The lawsuit mentions new details about the 6-year-old boy, who has been identified as John Doe, and his alleged pattern of abusive behavior.
While in kindergarten at Richneck during the 2021-22 school year, the boy was strangled and choked by a teacher and was removed from school, according to the complaint.
During the same school year, the boy also pulled out a woman’s dress that had fallen in the ditch, the complaint says, and “began to touch the boy inappropriately until he was reprimanded by the teacher.”
The boy was transferred from Richneck and placed in different institutions within the territory, but was allowed to return for the 2022-23 school year, when he was enrolled in Zwerner’s class.
He was eventually placed on a modified schedule after the fall “chasing students around the playground with a belt in an attempt to beat them with it, as well as cursing at staff and teachers,” according to the complaint. At least one parent attends school with him every day because of his excessive tendencies.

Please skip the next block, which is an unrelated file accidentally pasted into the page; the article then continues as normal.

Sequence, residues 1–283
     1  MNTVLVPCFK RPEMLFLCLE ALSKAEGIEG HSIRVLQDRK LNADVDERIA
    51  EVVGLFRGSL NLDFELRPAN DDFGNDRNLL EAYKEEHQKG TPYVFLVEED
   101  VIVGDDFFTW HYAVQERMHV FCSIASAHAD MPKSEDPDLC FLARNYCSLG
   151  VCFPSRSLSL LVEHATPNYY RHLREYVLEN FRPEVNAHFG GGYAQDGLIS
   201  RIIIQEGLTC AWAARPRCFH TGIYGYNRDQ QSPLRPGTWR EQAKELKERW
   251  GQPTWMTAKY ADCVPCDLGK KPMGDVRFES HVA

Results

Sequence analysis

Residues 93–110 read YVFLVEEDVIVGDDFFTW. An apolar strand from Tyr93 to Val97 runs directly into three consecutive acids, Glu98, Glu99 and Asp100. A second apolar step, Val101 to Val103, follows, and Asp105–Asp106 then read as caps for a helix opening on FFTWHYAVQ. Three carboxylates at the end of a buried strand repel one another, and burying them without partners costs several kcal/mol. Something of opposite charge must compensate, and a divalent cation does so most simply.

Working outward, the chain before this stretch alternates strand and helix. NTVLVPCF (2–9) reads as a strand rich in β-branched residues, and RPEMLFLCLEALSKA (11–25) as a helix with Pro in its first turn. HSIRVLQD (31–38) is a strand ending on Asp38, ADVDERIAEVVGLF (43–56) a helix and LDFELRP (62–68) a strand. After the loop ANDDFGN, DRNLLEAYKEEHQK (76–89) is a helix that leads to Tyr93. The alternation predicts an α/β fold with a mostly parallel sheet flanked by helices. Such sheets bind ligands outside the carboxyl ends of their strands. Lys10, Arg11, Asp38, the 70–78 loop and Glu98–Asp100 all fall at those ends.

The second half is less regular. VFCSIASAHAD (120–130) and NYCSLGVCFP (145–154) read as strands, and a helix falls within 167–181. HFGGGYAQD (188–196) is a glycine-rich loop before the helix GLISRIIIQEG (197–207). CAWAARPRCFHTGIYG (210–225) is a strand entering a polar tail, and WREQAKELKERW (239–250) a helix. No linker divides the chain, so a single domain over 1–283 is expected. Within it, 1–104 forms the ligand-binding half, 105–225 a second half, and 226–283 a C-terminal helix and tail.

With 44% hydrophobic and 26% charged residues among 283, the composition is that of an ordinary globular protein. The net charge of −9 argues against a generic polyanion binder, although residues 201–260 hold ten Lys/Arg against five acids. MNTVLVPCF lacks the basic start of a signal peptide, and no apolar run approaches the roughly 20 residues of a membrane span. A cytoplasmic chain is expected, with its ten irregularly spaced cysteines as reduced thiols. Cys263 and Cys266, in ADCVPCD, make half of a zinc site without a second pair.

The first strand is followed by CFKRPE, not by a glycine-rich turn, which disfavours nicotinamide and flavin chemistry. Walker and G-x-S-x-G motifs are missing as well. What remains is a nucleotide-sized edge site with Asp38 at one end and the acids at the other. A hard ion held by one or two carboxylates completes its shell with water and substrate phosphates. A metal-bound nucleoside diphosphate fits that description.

“The teacher’s behavior with John Doe was regularly brought to the attention of the Richneck school administration, and the concerns were always dismissed,” the lawsuit says. “Often when he was brought to the school office to appeal to his behavior, he returned to school shortly after with some kind of reward, such as candy.”
The warnings were allegedly ignored
On Jan. 4, two days before the shooting, the boy grabbed Zwerner’s cell phone and slammed it to the ground, breaking the device, according to the complaint. The boy was hanged until the next day.
On Jan. 6, the boy returned to Richneck, but his mother didn’t stay at school that day as requested, the complaint says the school didn’t assign him a “one-on-one count.”
Between 11:15 and 11:30 p.m., Zwerner went to Parker’s assistant principal and said the student appeared “in a violent mood” and threatened to physically attack a classmate. According to the complaint, Parker “didn’t have a response” and another teacher observed that the administrator “basically neglected the plaintiff’s concerns.”